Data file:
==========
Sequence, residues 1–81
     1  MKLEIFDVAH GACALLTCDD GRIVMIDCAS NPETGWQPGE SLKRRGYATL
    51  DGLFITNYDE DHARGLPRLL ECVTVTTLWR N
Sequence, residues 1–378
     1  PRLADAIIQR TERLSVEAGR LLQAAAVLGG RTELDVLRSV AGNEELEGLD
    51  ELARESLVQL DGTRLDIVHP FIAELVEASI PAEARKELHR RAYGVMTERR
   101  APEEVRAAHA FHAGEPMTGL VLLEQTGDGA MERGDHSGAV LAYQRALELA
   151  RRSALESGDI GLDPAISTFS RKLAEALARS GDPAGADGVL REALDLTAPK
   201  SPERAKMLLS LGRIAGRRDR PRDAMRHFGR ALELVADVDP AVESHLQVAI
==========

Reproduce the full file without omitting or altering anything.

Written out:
Sequence, residues 1–81
     1  MKLEIFDVAH GACALLTCDD GRIVMIDCAS NPETGWQPGE SLKRRGYATL
    51  DGLFITNYDE DHARGLPRLL ECVTVTTLWR N
Sequence, residues 1–378
     1  PRLADAIIQR TERLSVEAGR LLQAAAVLGG RTELDVLRSV AGNEELEGLD
    51  ELARESLVQL DGTRLDIVHP FIAELVEASI PAEARKELHR RAYGVMTERR
   101  APEEVRAAHA FHAGEPMTGL VLLEQTGDGA MERGDHSGAV LAYQRALELA
   151  RRSALESGDI GLDPAISTFS RKLAEALARS GDPAGADGVL REALDLTAPK
   201  SPERAKMLLS LGRIAGRRDR PRDAMRHFGR ALELVADVDP AVESHLQVAI